Matt and Kim builds hype for upcoming album at San Francisco’s the Warfield

Matt and Kim
Matt and Kim/Courtesy

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“ ‘Live life to its fullest everyday’ is cliche, obviously, but it’s also impossible. The rest of life is things you need to do to get by. So, I think, shoot for almost everyday,” Matt Johnson, singer of rock duo Matt and Kim, said in an interview with The Daily Californian.

This perpetual optimism is the only part of Matt and Kim that is cliche. Their concerts, sound and release schedule — they’re releasing a new album immediately after going on tour, rather than before — all make them stand out from other traditional indie or electronic groups.

“I remember people were a little freaked out, like, this is different,” Johnson recalled when the duo first started releasing music. “For a couple reasons, we weren’t a rock band or pop band or electronic band. We were tough to place.”

Nowadays, Matt and Kim listeners freak out in excitement over the band’s unusual tracks, most recently at their Warfield performance last Tuesday. Confetti cannons, eccentric graphics and sex-doll balloons rampaged throughout the ground floor. Matt and Kim’s Warfield concert was more than a place to dance and listen to great music: It was a hub of mad fervor and controlled chaos.

“The vibe is the same as Matt and Kim shows have been, which is a celebration. A celebration of life, a celebration of coming together, and we always see the show as not just two people on stage but everybody in the room,” Johnson explained.

Tuesday’s celebration wasn’t without reason. The duo had a rough year with drummer Kim Schifino’s torn ACL and their resulting forced hiatus. “Kim had to hold the tears back at a couple of these shows from being back on stage. She loves playing drums so much. And I think when that got taken away from her, it really brought her down,” Johnson said.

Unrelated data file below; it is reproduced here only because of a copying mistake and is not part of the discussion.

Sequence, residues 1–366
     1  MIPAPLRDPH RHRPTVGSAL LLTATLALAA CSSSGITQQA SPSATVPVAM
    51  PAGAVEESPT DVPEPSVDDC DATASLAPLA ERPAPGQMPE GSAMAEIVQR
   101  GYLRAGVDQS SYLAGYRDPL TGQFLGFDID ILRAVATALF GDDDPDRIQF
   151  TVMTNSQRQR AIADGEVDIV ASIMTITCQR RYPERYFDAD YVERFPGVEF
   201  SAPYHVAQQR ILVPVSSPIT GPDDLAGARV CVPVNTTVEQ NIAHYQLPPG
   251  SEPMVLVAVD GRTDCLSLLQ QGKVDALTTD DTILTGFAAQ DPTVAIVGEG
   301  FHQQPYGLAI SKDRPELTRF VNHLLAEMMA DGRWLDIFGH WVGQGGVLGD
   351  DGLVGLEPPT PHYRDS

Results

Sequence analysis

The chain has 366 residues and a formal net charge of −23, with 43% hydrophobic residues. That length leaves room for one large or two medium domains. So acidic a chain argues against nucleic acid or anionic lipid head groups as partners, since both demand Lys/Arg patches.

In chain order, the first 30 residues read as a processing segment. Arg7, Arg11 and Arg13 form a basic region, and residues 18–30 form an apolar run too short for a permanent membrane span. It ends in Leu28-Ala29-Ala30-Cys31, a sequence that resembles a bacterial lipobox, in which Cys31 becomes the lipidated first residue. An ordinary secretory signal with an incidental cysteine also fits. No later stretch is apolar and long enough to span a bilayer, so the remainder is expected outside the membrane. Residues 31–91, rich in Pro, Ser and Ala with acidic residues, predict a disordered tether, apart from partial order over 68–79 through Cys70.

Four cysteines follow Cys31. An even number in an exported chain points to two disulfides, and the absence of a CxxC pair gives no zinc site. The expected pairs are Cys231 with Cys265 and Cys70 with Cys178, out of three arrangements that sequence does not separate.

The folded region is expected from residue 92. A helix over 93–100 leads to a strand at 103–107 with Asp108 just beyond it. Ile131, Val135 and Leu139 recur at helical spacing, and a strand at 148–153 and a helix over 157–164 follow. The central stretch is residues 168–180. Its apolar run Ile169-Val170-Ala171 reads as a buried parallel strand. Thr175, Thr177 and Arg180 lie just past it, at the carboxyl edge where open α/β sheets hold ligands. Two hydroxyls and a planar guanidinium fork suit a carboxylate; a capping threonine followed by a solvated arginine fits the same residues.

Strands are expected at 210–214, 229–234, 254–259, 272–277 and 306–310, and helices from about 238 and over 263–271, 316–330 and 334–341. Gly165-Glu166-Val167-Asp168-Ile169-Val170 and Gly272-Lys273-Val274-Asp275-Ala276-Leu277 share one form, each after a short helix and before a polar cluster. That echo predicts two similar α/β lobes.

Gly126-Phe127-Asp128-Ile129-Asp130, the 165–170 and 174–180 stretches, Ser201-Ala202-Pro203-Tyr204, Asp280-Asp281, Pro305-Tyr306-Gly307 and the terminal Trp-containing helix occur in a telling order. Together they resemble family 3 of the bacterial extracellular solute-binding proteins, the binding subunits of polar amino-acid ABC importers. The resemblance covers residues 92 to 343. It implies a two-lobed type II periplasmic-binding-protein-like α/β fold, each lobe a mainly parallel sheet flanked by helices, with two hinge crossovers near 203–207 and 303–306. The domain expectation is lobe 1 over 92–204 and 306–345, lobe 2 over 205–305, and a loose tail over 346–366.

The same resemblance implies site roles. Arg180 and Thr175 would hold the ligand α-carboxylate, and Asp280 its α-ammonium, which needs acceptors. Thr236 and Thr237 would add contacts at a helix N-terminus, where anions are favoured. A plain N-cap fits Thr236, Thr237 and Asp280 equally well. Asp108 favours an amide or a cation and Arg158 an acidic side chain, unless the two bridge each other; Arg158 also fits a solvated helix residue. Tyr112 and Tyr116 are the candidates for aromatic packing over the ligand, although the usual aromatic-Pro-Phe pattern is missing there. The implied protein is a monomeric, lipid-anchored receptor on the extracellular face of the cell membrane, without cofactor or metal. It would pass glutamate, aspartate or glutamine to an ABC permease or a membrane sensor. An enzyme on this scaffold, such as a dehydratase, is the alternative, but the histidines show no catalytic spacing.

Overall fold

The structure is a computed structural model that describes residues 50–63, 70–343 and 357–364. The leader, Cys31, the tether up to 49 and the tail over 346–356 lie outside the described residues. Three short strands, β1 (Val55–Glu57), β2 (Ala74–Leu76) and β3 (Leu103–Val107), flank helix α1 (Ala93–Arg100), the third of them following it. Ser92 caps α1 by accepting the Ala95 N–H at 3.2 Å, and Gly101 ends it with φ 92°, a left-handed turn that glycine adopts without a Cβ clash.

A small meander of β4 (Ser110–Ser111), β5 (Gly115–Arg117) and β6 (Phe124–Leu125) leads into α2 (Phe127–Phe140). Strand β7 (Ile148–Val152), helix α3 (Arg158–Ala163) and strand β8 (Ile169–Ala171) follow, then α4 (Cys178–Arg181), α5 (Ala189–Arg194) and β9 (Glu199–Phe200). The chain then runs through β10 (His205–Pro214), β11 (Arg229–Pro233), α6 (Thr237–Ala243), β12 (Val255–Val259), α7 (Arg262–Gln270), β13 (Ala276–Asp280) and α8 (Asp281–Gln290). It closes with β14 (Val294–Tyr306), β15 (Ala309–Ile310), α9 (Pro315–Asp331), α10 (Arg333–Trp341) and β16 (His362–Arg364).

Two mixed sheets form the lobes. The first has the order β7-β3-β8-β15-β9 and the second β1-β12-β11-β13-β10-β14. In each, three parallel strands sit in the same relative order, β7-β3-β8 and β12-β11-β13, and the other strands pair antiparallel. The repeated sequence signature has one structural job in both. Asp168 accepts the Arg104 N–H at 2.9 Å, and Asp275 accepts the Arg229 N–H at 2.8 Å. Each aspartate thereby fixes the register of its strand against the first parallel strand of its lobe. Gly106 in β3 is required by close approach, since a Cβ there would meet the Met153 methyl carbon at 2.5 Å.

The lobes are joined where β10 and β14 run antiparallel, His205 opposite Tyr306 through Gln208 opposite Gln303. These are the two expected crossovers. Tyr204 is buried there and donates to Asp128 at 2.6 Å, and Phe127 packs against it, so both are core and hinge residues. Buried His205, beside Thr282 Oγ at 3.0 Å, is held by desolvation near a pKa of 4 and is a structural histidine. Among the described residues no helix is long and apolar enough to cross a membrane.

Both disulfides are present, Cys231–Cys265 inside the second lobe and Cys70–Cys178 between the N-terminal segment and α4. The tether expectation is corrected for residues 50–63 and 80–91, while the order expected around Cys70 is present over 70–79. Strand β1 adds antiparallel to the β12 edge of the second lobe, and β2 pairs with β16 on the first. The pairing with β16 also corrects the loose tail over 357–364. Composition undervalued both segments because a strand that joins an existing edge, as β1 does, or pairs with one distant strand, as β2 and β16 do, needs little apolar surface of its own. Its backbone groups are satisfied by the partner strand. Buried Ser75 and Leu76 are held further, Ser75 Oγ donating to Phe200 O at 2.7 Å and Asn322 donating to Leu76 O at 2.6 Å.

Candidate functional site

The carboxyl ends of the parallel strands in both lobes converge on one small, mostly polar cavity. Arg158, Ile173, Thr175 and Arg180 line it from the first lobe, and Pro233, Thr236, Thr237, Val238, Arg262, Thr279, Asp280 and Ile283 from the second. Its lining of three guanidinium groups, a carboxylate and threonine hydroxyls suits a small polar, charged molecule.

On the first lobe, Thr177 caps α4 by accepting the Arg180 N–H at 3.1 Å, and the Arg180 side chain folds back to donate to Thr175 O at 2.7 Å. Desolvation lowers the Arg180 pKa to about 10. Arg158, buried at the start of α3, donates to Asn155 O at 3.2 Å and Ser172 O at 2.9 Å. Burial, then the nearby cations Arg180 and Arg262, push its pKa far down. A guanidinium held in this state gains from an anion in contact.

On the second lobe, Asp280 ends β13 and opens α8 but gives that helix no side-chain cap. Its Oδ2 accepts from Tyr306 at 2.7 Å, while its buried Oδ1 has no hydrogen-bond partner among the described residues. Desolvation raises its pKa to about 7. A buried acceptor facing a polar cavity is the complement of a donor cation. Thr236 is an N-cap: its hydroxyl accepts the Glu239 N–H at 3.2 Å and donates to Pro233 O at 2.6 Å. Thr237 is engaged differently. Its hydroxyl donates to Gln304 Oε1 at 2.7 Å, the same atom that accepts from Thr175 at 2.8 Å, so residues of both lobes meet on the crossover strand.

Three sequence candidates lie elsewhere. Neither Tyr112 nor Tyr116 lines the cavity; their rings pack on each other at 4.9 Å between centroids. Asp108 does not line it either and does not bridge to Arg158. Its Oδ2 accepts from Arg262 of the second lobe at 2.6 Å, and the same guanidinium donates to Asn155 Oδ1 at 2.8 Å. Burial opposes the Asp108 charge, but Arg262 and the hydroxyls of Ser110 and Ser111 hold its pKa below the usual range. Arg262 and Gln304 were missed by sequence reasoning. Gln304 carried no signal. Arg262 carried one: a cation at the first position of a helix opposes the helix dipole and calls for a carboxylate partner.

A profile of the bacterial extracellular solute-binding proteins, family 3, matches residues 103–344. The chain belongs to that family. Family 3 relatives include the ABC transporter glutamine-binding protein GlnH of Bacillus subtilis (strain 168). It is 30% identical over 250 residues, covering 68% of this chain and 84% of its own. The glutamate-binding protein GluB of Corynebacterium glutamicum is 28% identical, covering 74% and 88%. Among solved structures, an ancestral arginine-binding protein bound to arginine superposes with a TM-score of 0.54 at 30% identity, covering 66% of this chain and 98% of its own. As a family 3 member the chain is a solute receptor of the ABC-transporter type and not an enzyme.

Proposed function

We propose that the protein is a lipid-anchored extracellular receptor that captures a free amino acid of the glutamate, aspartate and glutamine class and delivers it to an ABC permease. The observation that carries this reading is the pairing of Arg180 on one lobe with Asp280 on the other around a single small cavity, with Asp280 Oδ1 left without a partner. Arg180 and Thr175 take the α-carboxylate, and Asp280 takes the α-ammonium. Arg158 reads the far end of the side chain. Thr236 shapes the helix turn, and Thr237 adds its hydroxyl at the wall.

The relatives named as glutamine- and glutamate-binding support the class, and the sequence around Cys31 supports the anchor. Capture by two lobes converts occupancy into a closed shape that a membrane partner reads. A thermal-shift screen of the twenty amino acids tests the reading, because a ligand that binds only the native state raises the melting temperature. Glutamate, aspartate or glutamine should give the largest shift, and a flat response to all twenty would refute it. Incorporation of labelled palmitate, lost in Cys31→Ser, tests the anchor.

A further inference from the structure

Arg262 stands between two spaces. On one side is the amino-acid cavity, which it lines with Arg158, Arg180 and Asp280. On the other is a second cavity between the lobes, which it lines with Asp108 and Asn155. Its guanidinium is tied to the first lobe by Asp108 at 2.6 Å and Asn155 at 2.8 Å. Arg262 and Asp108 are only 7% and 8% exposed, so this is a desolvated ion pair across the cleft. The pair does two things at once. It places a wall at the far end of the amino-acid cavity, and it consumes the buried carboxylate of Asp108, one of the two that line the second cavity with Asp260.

Schifino’s excitement over returning to the stage certainly outweighed the sadness she’d experienced — she jumped on top of her drums, danced around for the audience and spread the message of remaining positive despite setbacks.

She yelled at the audience: “If you had a shitty day, shitty week, shitty month or even a shitty year, it’s time to let it out and have a good time,” echoing to the audience that, despite her “shitty year,” she knows that her music and fans will always be there to make the pain go away.

The band’s upcoming album Almost Everyday was heavily influenced by their break from performing. The bad news they received “almost everyday” pushed them to work harder and motivated them to live life to the fullest. While normally Matt and Kim writes its songs together, their newest released single “Happy If You’re Happy” was written by Johnson alone, as a reminder that he and Schifino are codependent and that Schifino’s happiness is just as much hers as it is his.

Despite their new separate songwriting, the band showed no sign of separation during their performance. Whether it was discussing their intimate relationship with the audience or competing to match each other’s levels of excitement, the duo’s chemistry was contagious, so much so that at one point the duo started stripping and members of the audience started stripping with them.

Their bare bodies onstage could also be seen as a metaphor for the openness conveyed in their music, especially their new tracks. This sort of unreserve can most clearly be seen in the new music video for “Happy If You’re Happy.” The video featured various clips from vlogs the couple had taken together of the couple laughing and going on adventures.

“We had this idea of just finding intimate moments where Kim’s cracking up and editing them together. … A lot of people say … they’re tearing up. I guess it’s in a positive way,” Johnson commented about the video.

With comments like “I love you so goddamn much” and “This is the only fucking life I wanna live” during the concert, it’s no surprise that fans have such a connection to artists that are so grateful for the opportunity to perform. This sort of gratitude only comes from artists who truly know what it’s like to have to halt their career.

The ambiance of a Matt and Kim concert is similar to the message behind their music: Stay positive and have fun. With promises that Matt and Kim’s upcoming album will be even more personal and intimate than others, it’s clear that fans will live their lives to the fullest by returning to more exhilarating Matt and Kim shows.

Contact Samantha Banchik at [email protected].

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